Two years ago today, C.T. proudly introduced his baby brother to two of his cousins. At one point during their hospital visit, C.T. reached over to stroke his brother's paralyzed body and confidently used the words, ...when Zachy comes home...
He had gotten comfortable with the idea that his brother was here to stay.
The adults in the room knew that barring a miracle, despite Zachary's excellent prognosis and glorious first week of life, and despite the fact that he was well beyond the most critical period of sepsis, Zachary was never, not ever, coming home.
B and I were still in shock and denial ourselves, and somehow we had to break the horrific news of Zachary's brain hemorrhage to C.T. that night. We knew, in just a matter of hours, we'd destroy his world by explaining that his baby brother would die the very next day. There was no guide book, no way to make sense of any of it, no way to soften the blow for him.
By that Sunday, the 19th of January, we'd heard and explored all of the professional opinions. We knew the resounding guidance was to remove Zachary's life support. But, even as we were planning for the end of his life, I remember pleading with God to spare Zachary.
I told God I couldn't bear the burden of another dead son, that I'd die, or go insane and be unable to care for C.T. I told Him Zachary deserved to live, that he'd come through too much senseless suffering to be taken from us now. I received emails and messages from people who were praying for a miracle for Zachary, some of them linking me to real life miracle stories, as if we were just one prayer away from having our own. Believe. Don't lose hope, they said. The impulse for me was to beg. In helpless, looping, desperate denial, I was secretly determined for God to hear me and save my son.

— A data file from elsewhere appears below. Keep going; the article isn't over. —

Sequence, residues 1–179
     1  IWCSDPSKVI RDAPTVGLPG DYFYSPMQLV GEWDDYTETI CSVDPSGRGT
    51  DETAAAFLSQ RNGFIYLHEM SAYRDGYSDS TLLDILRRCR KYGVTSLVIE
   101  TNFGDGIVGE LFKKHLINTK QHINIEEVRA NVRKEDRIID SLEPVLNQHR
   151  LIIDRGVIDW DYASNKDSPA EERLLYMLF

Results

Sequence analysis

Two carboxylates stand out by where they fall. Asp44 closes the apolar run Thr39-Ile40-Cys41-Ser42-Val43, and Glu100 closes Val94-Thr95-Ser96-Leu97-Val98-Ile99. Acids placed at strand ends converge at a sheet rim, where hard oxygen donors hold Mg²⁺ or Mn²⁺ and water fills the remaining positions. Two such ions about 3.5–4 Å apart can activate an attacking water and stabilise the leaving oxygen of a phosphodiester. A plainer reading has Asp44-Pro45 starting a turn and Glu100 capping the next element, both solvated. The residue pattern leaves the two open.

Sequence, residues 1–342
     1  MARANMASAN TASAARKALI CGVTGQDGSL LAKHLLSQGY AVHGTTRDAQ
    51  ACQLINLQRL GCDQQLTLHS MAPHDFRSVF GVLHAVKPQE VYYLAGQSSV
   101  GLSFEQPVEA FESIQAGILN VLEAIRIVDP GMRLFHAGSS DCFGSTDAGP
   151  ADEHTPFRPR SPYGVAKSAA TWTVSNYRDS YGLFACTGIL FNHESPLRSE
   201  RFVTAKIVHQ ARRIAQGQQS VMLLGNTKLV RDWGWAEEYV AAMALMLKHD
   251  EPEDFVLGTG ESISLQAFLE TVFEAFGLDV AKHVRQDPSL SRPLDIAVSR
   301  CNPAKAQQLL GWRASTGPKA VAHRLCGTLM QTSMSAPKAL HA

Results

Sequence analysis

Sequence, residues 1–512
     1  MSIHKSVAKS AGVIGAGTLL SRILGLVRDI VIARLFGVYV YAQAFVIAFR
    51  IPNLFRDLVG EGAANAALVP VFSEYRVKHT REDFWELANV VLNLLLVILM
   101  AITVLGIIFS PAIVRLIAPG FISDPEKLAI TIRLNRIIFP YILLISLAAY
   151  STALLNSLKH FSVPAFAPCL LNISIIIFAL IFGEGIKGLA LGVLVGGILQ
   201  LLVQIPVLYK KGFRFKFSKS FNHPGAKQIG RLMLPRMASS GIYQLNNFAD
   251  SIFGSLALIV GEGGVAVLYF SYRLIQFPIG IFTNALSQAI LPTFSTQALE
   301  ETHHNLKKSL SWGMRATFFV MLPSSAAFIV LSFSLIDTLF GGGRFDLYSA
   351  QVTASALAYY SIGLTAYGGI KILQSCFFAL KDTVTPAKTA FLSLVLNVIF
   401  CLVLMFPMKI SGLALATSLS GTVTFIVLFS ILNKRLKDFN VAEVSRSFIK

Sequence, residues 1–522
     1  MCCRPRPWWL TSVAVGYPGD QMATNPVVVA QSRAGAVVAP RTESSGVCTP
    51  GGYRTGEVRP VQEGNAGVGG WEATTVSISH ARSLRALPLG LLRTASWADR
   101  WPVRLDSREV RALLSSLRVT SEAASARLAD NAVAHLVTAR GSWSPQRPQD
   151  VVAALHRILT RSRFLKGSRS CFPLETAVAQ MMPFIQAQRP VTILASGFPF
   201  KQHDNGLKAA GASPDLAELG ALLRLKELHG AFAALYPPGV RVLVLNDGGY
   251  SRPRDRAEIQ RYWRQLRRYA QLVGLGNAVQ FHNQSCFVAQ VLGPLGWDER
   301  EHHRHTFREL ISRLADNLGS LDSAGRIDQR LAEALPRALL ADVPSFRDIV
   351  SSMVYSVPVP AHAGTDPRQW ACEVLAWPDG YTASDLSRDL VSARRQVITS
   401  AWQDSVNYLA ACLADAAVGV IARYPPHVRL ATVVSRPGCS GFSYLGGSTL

I sat down with one of the neonatologists that day and, even after we'd agreed to the recommendation, I asked her to explain everything all over again. What happened to my perfect baby? How did it get this bad? Can we look again at all three brain scans to confirm what we'd been told? Are we sure we shouldn't try something else, something more, to save him?
The doctor first reiterated that they had already begun dismantling critical (long-term) life-sustaining aspects of Zachary's care, in preparation for the next day, when we planned to remove his life support. Then, after listening to her describe, in detail, the universally traumatic effect of his brain hemorrhage and his grave prognosis, she said the most excruciating words.
If we keep him alive and he survives at all, for any length of time, Zachary will probably never know who you are. He will never know you are his parents and that you love him.
Those words will haunt me for the rest of my days.